Alessandro Michele at Gucci

More than ever, the fashion industry has become one defined by binaries. On the one hand, you have the “throw everything at it” maximalists, many of whom only exist on our Instagram feeds or immortalised on the pavements of fashion week, and whose look is spearheaded by the likes of Alessandro Michele at Gucci and Demna Gvasalia at Balenciaga.

On the other hand, you have a fashion tribe who are rejecting the noise and clamour of clashing prints and accessory overload and instead embracing a more contemplative approach to dressing. Yes this is minimalism, but not, perhaps, as you know it. An aesthetic that has simmered beneath the cultural surface for decades, minimalism has occasionally bubbled-up and made its presence felt, but never really disappeared entirely

Minimalism 2.0

Over the last few seasons, it has become clear that simplicity is having another moment in the spotlight—in no small part thanks to the designs of cult brands such as The Row, Jil Sander, Lemaire or Gabriela Hearst who are fronting this ‘minimalism 2.0’. Add to this the fact that, more than ever, shoppers are wanting to invest in pieces that last, both for budget reasons but also for ethical and sustainable implications, and it’s the perfect storm for purists.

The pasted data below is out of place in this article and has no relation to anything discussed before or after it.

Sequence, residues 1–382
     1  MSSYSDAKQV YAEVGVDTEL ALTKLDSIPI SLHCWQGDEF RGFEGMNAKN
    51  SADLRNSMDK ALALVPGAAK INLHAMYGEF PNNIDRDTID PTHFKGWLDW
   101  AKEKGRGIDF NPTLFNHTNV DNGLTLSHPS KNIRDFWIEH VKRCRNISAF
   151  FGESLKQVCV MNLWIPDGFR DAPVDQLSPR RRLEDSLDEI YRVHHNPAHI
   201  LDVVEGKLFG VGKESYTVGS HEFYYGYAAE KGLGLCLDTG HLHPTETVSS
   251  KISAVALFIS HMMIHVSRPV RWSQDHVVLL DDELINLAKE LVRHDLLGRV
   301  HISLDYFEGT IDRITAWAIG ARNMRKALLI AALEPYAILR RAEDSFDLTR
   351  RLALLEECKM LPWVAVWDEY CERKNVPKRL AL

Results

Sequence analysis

“Approaching each season, we look to our six muses; the fashion pioneer, the warrior, the free spirit, the curator, the romantic and the purist,” explains Natalie Kingham, buying director at MatchesFashion. “The Purist opts for minimalist style with a sleek, functional edge, and this season we noticed a new mood for clean, monochromatic elegance on the runway